The Graziadio School of Business and Management embarks on a partnership with a business powerhouse on the heels of being ranked one of the most entrepreneurial universities in the nation.
By Gareen Darakjian
In June 2011 the Wall Street Journal published an article about the failure of small businesses to raise capital. Using data from the Pepperdine Private Capital Markets Project (PPCMP), the article showed that banks had denied about 60 percent of small-business loan applications since January of that year, indicating the slow growth of small businesses and an inability to secure bank lending and capital.
Intrigued by the study, Dun & Bradstreet Credibility Corp.’s CEO, Jeff Stibel, reached out to then associate professor of finance and PPCMP director John Paglia. With a reputation for helping small businesses obtain financing and capital, he was interested in the potential for a partnership with Pepperdine and the promise of the PPCMP.
After just one meeting with Dun & Bradstreet, “lightbulbs were going off all over the place,” Paglia recalls. “The data in our research perfectly melded with their mission. We ended that meeting promising to partner on something … anything.”
Dun & Bradstreet agreed to provide the PPCMP with access to their small-business database
for the survey, which they helped distribute to millions of businesses, and co-branded the report. Thus, it became the first comprehensive, ongoing, and simultaneous investigation of the major private capital market segments (those that fund privately held businesses, such as private equity, venture capital, angel investment, and bank loans), saw the “small business” survey segment increase in sample size from roughly 1,000 to over 15,000. Dun & Bradstreet and the PPCMP then partnered to launch the Private Capital Access Index, a quarterly barometer of the demand for and access to capital among the nation’s small and mid-sized businesses, launched in 2012.
Last year, when Paglia became associate dean of the Graziadio School, he once again reached out to Stibel to pick his brain about furthering the University’s excellence in entrepreneurship and how to leverage the top 10 Forbes ranking Pepperdine University received for “Most Entrepreneurial Universities.” Paglia and Stibel spent much time discussing and brainstorming new curricular models for higher education, ones that focus especially on entrepreneurship. They emerged with a new endeavor: a program that incorporates the strengths of both entities in an innovative “Entrepreneurial Vision Partnership,” a comprehensive collaboration that promotes an entrepreneurial approach to galvanize the emerging business community.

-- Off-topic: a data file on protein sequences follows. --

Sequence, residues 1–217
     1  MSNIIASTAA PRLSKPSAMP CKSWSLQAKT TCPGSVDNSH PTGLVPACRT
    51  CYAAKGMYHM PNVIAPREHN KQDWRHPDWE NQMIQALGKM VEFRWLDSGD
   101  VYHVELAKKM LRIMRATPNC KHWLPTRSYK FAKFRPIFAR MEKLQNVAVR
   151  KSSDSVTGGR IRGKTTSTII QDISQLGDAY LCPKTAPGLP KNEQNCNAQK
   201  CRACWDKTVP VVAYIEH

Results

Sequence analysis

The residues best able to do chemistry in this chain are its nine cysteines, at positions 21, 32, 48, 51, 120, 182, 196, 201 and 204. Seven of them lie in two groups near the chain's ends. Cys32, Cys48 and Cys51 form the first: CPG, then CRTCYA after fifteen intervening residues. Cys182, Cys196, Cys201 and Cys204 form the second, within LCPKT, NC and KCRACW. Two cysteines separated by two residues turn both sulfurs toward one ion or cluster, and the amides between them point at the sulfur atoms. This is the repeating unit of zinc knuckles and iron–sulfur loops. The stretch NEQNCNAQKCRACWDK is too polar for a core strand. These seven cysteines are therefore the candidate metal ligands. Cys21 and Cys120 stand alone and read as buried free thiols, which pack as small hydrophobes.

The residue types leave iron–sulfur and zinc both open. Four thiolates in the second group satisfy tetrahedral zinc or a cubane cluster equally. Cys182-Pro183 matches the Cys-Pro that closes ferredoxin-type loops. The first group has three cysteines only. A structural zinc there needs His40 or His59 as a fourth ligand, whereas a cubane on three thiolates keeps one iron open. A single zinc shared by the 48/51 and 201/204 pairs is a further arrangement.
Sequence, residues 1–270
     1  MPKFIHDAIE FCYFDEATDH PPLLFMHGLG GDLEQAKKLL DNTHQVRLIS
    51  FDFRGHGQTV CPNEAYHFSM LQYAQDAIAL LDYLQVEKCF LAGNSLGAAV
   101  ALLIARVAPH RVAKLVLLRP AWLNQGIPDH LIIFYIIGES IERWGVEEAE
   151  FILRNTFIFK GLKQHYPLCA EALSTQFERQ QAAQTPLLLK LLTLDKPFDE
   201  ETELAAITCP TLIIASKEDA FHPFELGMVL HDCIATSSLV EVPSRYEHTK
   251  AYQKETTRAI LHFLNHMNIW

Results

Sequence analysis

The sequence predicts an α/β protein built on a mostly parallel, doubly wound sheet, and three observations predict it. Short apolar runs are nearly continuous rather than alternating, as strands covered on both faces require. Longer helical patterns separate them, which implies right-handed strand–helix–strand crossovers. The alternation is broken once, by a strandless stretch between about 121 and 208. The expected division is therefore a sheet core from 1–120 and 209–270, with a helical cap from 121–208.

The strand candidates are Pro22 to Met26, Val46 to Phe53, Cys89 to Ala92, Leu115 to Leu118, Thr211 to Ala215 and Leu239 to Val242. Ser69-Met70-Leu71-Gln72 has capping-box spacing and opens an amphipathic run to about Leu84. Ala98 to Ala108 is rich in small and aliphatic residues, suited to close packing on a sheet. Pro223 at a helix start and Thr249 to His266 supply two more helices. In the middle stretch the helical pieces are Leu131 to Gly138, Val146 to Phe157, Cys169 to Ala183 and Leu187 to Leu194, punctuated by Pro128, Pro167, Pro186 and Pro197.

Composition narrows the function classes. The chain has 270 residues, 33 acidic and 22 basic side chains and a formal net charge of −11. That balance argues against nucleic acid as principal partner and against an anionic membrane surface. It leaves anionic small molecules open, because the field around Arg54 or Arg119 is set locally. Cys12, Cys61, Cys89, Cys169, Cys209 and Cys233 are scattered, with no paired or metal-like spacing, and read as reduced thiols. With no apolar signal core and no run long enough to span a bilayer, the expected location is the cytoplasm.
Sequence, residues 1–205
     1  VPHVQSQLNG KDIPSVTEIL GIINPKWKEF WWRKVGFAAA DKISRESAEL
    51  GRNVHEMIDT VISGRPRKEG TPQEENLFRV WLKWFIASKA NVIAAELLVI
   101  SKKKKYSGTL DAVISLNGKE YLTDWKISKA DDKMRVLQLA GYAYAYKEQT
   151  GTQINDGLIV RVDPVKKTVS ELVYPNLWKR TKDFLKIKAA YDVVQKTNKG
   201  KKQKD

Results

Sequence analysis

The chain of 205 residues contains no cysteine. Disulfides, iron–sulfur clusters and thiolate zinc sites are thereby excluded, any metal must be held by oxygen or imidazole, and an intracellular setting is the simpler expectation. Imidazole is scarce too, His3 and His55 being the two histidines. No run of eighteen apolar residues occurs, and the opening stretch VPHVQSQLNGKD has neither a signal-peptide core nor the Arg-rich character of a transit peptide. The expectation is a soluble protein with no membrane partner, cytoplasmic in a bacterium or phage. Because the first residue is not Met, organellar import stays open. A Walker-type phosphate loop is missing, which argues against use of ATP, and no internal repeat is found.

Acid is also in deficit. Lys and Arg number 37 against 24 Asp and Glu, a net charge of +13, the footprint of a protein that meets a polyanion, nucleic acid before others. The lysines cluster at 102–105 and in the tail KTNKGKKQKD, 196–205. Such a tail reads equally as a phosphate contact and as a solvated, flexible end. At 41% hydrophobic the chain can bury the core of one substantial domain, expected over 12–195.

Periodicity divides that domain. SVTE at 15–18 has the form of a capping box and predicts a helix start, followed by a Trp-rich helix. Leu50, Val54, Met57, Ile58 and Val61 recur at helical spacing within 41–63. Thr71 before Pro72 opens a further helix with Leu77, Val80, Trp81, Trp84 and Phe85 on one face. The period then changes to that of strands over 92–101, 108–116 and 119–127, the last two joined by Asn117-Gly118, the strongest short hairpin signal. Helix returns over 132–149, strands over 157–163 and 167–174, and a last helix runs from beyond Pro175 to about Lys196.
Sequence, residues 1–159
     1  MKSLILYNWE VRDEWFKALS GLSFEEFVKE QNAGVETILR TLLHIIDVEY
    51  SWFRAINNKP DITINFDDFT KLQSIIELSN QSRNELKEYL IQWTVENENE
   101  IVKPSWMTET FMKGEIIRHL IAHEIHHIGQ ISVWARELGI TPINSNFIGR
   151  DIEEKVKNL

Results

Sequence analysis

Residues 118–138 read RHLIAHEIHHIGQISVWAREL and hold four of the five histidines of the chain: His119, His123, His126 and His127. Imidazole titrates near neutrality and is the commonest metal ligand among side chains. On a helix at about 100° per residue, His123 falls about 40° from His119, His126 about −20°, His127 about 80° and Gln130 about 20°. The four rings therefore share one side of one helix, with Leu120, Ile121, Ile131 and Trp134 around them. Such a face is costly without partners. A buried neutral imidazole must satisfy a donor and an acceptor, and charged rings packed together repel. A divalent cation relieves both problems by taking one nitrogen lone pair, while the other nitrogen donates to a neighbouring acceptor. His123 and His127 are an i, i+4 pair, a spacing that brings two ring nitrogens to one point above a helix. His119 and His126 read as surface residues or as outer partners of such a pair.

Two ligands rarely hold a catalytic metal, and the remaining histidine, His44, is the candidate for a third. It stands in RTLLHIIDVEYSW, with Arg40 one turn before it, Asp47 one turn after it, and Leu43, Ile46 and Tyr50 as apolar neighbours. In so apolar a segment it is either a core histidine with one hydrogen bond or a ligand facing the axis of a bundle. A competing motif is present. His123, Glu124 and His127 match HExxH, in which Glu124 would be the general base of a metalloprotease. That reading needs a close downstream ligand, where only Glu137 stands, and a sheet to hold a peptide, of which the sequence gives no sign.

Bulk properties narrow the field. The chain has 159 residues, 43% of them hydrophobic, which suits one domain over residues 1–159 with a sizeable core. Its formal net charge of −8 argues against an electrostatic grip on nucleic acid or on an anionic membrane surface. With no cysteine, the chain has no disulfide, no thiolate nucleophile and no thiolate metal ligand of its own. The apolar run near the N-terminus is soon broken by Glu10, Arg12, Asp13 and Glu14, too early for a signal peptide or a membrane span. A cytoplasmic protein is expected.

“The economic research that has come out of Pepperdine University recently is some of the best in the country, so it was natural for us to want to form a partnership. In particular, the research efforts led by Dr. John Paglia on private capital markets have been innovative,” explains Stibel. “Through our original relationship, we focused on developing research to provide objective, ongoing data on the sentiment of American businesses. The new agreement that we just signed furthers our combined commitment to thought leadership on issues surrounding small business’ access to capital and entrepreneurship.”
As part of the collaboration, the Graziadio School will work with Dun & Bradstreet (formerly known as Dun & Bradstreet Credibility Corp., which merged with Dun & Bradstreet in May 2015) to conduct economic research and develop a specialized curriculum that focuses on the needs and success metrics of entrepreneurs in the 21st-century economy. The partnership will also combine resources for teaching opportunities, promote specialized executive education options, and provide immersion opportunities for Graziadio students, including paid internships in Dun & Bradstreet’s corporate programs.
“We are developing leaders who are entrepreneurial in spirit, global in orientation, and ethically focused,” says Paglia. “This partnership is in alignment with our founding vision and funding from George L. Graziadio, who had entrepreneurial roots, similar to George Pepperdine. That history provides the foundation upon which we can excel in our entrepreneurial initiatives. I see the collaboration as a springboard to provide better entrepreneurial training and resources for our students in the long run.”
The Entrepreneurial Vision Partnership